Sign the Petition to Americans for Equal Justice


1,680 signed
98,320 more needed

  For to long the Judicial community has enjoyed and misused 

                                             Judicial Immunity 

- It is time for reform -  But, we need 100,000 signatures on here to make this   happen - 

Please ask everyone you know to consider this and support it –


                          JUDICIAL COMMUNITY

I have added the following link and information for you -

JUDICIAL IMMUNITY VS. DUE PROCESS: WHEN SHOULD A JUDGE BE SUBJECT TO SUIT?  Robert Craig Waters IntroductionIn the American judicial system, few more serious threats to individual liberty can be imagined than a corrupt judge. Clothed with the power of the state and authorized to pass judgment on the most basic aspects of everyday life, a judge can deprive citizens of liberty and property in complete disregard of the Constitution. The injuries inflicted may be severe and enduring. Yet the recent expansion of a judge-made exception to the landmark Civil Rights Act of1871, chief vehicle for redress of civil rights violations, has rendered state judges immune from suit even for the most bizarre, corrupt, or abusive of judicial acts.’ In the last decade this “doctrine of judicial immunity ”has led to a disturbing series of legal precedents that effectively deny citizens any redress for injuries, embarrassment, and unjust imprisonment caused by errant judges. Consider the following examples.• In 1978, the Supreme Court in Stump v. Sparkman2held that the doctrine forbade a suit against an Indiana judge who had authorized the sterilization of a slightly retarded 15-year-old girl under the guise of an appendectomy. The judge had approved the operation without a hearing when the mother alleged that the girl was promiscuous. After her marriage two years later, the girl discovered she was sterile. Cato Journal, Vol.7, No.2 (Fall1987).Copyright© Cato Institute.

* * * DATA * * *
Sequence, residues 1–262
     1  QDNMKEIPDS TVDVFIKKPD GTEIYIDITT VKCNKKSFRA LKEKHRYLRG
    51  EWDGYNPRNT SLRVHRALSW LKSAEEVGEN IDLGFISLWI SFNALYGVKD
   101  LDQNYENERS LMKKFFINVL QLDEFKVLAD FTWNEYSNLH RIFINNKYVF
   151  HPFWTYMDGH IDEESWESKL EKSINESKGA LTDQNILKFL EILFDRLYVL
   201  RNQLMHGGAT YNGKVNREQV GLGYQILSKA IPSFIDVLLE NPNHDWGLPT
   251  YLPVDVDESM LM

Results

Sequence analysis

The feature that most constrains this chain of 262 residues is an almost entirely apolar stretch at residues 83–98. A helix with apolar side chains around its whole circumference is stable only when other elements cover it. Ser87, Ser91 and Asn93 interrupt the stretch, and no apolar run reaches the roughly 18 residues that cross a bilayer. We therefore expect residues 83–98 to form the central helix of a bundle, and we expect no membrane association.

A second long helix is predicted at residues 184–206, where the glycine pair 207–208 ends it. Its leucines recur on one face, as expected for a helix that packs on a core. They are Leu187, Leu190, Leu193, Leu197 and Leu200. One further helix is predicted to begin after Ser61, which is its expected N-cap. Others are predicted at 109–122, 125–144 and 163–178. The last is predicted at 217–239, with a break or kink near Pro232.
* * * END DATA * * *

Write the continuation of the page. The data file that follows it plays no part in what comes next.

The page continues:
All rights reserved. The author is Judicial Clerk to Justice Rosemary Barkett of the Florida Supreme Court.‘The doctrine of judicial immunity from federal civil rights suits dates only from the1967 Supreme Court decision in Pierson v. Ray, 386 U.S. 547 (1967), which found a Mississippi justice of the peace immune from a civil rights suit when he tried to enforce illegal segregation laws. Until this time, several courts had concluded that Congress never intended to immunize state-court judges from federal civil rights suits. See, for example, McShane v. Moldovan, 172 F.2d 1016 (6thCir. 1949).2435 U.S. 349 (1978).46


Virginia Law

We are all helping each other with causes - Most of the Causes are personal and help our Cases - This Cause Helps all of us - and the Future us. We need to take Absolute Judicial Immunity off the table to hold the Judicial Community responsible for their actions - So the intimidation will stop! Please sign and recruit as many people as you can - with 100,000 signatures the White House will have to look at it - Thank you for your help 


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